Shimmer does initially set up a story that provides plenty of opportunity to make the audience shake. A series of unexplained deaths at the heart of the drama, the detective work ensnares the viewer too. But the 79 minute feature film by Rob Ciano loses track of what it’s trying to do as a suspenseful Science Fiction film, and by the time the events unravel, the interest has whittled away.

The events begin mysteriously and effectively. An elderly couple tune to a rumbling in the woods behind their house, with a sudden burst of light in the brush. So Terrence Hardaway (Tim O’Reilly) goes to explore, and the foreboding instrumental by Joshua Ivar heightens the uncertainty.

His wife Margaret (Susan Moses) left in a tenuous state of concern bides nervously while Terrence finds a dead deer that has been encompassed in a pile of clear crystalline objects. He examines, and after his gun goes off, the homeowner staggers out of the woods. “There’s something in the light” – Terrance collapses.

The crystalline encapsulates his face, and Robin DiLapo makes the most of the special effects budget. A gruesome sequence with snap crackling sound effects, the choreography of the attack and the victims demise sends a chill and gets the suspense off to an enticing start.

Of course, life elsewhere is still normal, and we enter a home that seems to be firing on all cylinders. Dinner time at the Kait’s, Nichole Galicia could be our own mom trying to get us to eat our peas. Little Trevor is the object of Dr. Thea Kait’s affection, and Montgomery CP Steele exudes precociousness that almost forces the actors to play off his cuteness.

Jacques Mitchell completes the family trio and is dialed in as a 21st Century Dad. All the vulnerability and empathy on alert, we almost forget that something catastrophic is afoot.

The soft lighting and Jon Mercer cinematography frames a home life that doubles the sentiment down. Then the phone rings.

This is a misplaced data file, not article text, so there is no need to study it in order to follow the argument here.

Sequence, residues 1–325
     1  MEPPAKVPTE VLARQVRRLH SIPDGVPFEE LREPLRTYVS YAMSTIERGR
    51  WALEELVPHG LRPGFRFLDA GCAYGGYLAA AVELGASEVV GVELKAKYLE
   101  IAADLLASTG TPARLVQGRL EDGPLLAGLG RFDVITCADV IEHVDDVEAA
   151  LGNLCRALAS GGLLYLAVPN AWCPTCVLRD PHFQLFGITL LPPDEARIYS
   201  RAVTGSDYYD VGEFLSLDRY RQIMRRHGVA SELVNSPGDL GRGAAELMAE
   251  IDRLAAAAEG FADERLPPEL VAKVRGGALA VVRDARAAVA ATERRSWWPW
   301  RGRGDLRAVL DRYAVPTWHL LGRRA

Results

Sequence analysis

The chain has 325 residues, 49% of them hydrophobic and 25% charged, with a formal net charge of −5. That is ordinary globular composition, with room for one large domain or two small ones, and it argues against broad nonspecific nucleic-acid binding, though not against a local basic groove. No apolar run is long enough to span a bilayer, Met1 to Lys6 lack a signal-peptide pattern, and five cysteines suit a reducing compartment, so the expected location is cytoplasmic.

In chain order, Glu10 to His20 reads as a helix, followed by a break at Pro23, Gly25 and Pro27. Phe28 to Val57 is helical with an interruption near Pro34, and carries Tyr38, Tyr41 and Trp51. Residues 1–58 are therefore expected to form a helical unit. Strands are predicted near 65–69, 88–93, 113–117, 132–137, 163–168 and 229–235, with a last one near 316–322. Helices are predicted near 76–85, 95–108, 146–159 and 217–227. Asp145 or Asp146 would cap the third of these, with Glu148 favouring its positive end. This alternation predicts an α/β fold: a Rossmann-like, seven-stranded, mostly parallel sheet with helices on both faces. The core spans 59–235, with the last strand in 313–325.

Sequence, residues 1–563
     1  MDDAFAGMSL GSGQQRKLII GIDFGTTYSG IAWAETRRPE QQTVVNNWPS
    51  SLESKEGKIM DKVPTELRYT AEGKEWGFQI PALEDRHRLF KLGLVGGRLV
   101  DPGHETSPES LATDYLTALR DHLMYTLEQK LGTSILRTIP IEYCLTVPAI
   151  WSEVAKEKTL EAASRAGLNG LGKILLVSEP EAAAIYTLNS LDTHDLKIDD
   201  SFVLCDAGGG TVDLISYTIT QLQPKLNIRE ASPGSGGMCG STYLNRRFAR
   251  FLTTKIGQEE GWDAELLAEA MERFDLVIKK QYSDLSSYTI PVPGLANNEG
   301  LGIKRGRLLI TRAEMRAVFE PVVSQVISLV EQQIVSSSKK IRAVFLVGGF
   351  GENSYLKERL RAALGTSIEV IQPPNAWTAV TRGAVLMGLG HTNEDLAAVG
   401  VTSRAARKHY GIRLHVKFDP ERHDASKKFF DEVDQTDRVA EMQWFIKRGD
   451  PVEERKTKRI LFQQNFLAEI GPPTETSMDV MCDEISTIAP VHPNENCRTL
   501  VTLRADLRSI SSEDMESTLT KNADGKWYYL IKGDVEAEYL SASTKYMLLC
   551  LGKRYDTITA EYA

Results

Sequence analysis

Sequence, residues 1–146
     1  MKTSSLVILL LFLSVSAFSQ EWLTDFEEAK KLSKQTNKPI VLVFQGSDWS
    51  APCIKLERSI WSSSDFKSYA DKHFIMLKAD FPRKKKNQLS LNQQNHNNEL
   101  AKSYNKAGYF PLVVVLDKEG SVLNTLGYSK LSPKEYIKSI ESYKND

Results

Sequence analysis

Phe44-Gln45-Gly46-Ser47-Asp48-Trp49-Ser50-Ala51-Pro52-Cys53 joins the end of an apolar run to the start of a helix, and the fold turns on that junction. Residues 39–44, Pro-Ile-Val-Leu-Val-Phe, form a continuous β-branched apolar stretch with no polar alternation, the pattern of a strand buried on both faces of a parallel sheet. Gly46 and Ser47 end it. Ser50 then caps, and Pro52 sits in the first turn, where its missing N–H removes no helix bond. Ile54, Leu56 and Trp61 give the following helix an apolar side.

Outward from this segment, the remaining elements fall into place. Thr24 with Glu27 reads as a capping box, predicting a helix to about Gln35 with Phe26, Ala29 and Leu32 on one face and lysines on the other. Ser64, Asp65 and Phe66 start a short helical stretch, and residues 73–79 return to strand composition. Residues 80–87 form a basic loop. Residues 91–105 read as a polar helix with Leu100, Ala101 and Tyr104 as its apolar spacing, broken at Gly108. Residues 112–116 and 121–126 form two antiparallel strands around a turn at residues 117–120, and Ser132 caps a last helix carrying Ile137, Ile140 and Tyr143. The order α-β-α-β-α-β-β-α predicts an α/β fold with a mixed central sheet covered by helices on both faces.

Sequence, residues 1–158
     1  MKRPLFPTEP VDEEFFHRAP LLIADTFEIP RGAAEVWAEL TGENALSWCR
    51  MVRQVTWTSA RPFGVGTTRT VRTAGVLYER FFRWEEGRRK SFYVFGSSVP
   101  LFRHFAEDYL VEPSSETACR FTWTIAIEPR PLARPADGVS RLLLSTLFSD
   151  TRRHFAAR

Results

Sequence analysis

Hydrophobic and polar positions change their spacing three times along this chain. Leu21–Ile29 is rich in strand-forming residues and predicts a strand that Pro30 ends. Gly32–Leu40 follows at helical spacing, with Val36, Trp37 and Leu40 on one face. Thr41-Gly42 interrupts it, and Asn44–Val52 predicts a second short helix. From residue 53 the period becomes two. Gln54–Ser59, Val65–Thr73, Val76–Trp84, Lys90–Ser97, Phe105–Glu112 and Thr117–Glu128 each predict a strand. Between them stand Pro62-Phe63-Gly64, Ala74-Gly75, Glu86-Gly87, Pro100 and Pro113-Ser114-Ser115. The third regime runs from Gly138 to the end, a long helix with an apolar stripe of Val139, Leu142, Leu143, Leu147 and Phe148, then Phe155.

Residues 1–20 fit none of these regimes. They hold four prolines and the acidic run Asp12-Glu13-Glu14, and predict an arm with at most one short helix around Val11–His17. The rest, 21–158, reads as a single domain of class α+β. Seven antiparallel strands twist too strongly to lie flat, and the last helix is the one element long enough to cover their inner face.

Kait is the local police department’s forensic pathologist, and once again the doctor is being called away from home. So the family set up in place, Adam questions his wife’s commitment. “You can’t keep running off like this. We’re supposed to have family night,” Mitchell makes us understand the recurring problem.

Kait is not in denial, and the conflict of her double life clearly comes across in Galicia’s performance, we feel the weight.

No escape nonetheless, it’s off to the crime scene. All that’s left are Terrence’s clothes and pieces of the crystalline substance. With no supporting evidence to back up her claim about a burst of light, the police doubt the wife’s explanation.

No surprise, the rest is obviously a journey in search of answers, and Dr. Kait is at the heart of solving the mystery. As such, there’s always a haze of light that hovers over the scenes of scientific investigation and the resulting cinematic shots seem to imply that Kait will cut through no matter what.

So at the fore, Galicia projects a steady, diligent and unswerving pursuit in the face of a department that continually questions her process. Her rudder remaining true, Dr. Kait’s incremental resolution of the clues keeps the viewer watching.

Unfortunately, there’s just too many inconsistencies and sideshows that make Shimmer hard to watch. The territorial infighting between the cops and the domestic in-tranquility are out of place. The same goes for the character reactions that are not commensurate with an occurrence that is completely unprecedented in human history.

All together, the subplots can’t help dilute the drama. The writing also does no favors for the actors. The skills of long time character actor Brian Anthony Wilson can’t overcome dialogue that belongs in a film where a regular crime has taken place. As captain, why he is not on the phone to the FBI to see if the X-Files actually exist is inexplicable.

Galicia is in the same boat despite her performance. A family squabble is pretty hard to sell when an entity of unknown origin could fundamentally change life as we know it.

The addition of sitcom-like humor further adds to the disarray, and a suspense that could have sustained, just shimmers until the credits finally roll.




Shimmer does initially set up a story that provides plenty of opportunity to make the audience shake. A series of unexplained deaths at the heart

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